The MSE project aims to address some of the main impediments to the development of micro and small enterprise, and the ability of vulnerable groups to build alternative livelihoods in Guyana. They include limited access to finance and limited technical business skills.

There was an acknowledgement by Chief Executive Officer (CEO) of the Guyana Bank for Trade and John Tracey that small entrepreneurs encounter numerous constraints, particularly access to credit but defended his bank’s policy regarding loans.

“It has been said that our financial institution has a negative attitude to lending… I presume this would come from the small business sector. If this is so, it may be a necessary protective measure, why? Because we in the banking sector… we know and measure risks much better than the individual borrower who sometimes come to us as the eternal optimist, positive that his business plan is bound to succeed,” Tracy explained.

But as Minister of Commerce and Industry, Irfan Ali shared his own experiences as a young aspiring entrepreneur who was seeking a loan, stakeholders in attendance saw the borrower’s side of the story.

He related occurrences as a teenager where he was denied access to a loan having a bicycle as his only mode of transportation and another period where he was given approval for the same request after proving that he was the owner of a motorcar.

“I qualified for the loan because there was a misconception and there was a culture in the environment that gave that loan that sought to make a differentiation whether falsely or rightfully,” Minister Ali said.

Access to finance is a challenge not limited to Guyana, but a worldwide issue, common in the Latin American and Caribbean Region Inter American Development Bank (IDB) Chief of Division, Capital Markets and Finance Juan Antonio Ketterer explained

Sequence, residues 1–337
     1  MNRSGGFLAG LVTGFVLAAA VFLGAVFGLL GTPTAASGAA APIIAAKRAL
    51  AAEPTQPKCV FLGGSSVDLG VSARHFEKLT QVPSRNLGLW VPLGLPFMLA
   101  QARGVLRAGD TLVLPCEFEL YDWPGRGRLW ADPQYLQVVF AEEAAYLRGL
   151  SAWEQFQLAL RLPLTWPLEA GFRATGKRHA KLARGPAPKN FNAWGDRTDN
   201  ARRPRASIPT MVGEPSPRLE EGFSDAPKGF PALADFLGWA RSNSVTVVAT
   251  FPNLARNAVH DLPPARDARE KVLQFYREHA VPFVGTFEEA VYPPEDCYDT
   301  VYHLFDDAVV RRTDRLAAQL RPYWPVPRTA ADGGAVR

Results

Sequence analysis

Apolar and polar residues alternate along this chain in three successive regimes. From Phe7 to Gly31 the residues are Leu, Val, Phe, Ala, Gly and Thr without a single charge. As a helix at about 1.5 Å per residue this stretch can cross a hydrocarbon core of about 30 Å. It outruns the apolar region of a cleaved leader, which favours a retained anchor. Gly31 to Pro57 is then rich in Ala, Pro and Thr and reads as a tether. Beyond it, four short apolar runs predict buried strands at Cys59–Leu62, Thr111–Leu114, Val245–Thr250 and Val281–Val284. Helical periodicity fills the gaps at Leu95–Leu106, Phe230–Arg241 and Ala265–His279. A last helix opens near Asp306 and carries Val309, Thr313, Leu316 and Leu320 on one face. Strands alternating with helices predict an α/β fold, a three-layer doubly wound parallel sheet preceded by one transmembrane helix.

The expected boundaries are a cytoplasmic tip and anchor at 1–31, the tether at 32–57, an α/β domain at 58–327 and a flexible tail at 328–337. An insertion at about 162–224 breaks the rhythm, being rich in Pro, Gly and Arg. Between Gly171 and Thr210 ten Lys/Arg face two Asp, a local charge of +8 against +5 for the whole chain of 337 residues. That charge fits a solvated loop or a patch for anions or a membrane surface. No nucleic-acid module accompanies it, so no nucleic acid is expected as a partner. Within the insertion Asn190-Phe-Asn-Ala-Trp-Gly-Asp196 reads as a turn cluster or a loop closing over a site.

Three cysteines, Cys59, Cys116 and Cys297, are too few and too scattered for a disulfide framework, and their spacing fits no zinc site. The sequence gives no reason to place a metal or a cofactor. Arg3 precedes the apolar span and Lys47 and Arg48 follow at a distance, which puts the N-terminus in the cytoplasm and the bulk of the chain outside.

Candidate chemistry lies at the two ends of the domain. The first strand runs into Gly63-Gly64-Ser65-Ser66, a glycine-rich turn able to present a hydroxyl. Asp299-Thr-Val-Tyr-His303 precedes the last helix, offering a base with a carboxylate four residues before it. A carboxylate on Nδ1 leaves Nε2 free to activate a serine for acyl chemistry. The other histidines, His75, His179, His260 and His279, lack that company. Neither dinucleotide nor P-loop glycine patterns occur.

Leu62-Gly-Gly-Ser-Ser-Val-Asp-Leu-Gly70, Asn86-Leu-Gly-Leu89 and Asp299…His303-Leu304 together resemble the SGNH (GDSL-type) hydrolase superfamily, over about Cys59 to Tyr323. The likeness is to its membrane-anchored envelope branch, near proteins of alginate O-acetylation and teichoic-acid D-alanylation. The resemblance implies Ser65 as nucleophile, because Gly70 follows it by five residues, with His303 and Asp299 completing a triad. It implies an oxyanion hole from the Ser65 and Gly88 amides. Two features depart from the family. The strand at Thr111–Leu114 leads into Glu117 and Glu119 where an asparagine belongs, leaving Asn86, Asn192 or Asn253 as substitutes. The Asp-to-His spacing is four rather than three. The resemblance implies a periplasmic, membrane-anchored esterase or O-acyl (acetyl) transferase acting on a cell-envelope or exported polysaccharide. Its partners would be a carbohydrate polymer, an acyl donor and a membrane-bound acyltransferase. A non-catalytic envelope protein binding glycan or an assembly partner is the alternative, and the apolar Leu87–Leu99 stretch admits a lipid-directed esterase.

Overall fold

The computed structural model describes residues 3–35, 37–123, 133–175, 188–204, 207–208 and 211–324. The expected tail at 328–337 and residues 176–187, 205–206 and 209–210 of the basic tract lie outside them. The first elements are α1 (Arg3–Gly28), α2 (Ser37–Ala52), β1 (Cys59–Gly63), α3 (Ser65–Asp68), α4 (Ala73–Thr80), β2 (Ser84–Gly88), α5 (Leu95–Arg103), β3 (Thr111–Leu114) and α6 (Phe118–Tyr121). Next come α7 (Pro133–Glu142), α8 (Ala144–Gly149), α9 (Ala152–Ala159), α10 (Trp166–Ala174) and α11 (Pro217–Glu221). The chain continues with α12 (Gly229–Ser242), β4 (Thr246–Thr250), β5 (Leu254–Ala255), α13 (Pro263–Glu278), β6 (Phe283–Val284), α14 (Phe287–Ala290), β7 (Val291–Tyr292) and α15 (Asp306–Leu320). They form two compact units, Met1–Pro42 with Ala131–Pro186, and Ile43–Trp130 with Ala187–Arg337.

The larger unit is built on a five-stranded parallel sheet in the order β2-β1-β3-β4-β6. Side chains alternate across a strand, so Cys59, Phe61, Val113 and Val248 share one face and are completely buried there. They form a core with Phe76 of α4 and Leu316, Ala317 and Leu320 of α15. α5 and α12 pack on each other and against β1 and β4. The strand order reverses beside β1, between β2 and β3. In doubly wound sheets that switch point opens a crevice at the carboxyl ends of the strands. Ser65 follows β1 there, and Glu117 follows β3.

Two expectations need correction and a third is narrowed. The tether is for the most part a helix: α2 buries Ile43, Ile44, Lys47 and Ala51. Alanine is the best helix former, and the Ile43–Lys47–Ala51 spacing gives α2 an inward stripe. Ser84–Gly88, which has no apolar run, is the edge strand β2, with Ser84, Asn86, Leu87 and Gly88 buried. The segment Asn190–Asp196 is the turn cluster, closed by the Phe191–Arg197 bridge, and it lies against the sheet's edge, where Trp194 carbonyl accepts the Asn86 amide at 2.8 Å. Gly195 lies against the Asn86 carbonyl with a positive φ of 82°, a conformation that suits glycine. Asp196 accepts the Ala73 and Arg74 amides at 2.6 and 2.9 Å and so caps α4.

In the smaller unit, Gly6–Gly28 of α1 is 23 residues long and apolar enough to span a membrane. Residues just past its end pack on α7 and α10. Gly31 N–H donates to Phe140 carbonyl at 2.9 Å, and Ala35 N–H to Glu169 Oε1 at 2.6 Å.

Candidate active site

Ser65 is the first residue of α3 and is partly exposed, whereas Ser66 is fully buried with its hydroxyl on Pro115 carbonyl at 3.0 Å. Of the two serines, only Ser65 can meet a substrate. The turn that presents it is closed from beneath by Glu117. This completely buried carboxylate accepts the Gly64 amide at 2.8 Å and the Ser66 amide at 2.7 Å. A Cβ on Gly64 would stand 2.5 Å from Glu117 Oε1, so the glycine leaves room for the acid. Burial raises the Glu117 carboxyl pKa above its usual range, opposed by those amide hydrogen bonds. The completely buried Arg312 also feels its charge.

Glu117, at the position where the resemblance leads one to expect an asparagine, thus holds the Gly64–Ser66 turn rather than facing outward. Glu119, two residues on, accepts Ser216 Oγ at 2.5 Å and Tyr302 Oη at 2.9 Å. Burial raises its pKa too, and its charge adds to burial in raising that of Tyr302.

He said that although the IDB has been working with countries on improving access to loans, the task has been endless although many countries have made much progress.

Ketterer reported that Guyana has been ranked 167 out of 183 economies in the IDB’s Access to Credit department, but said the news may not be all bad.

“This is not reason to be discouraged, but a reason to be engaged and motivated to improve.”

The Guyana Government has however been hailed for its work, through legislation and other initiatives, to strengthen the financial sector and provide the leeway for it to take risks without violating any prudential norms, Minister Singh said.

“I do urge the banks to actively seek out good lending opportunities including working with entrepreneurs where some nurturing and mentorship is required,” Minister Singh said.

The IDB is a main partner with the Government in the MSE project and maintains the philosophy that access to financing is one of the key pillars of improving the business climate and promoting the economic activities of small and medium enterprises in particular.

It is on this premise that the IDB has been actively involved in the financial sector locally for several years and has supported a Guyana Government policy to enhance policies and improve access to credit.

The focus areas included improvements in financial sector oversight and strengthening regulations to maintain financial sustainability.

The MSE project has made access to financing through an interest subsidy and support for a portion of the collateral required for loans at GBTI, Republic Bank and the Institute for Private Enterprise Development (IPED).

It adds to numerous collaborative initiatives between the Government and commercial banks that have made the task of accessing loans easy and more affordable. Among them is the Women of Worth (WOW) credit scheme for single parent headed households launched in 2010.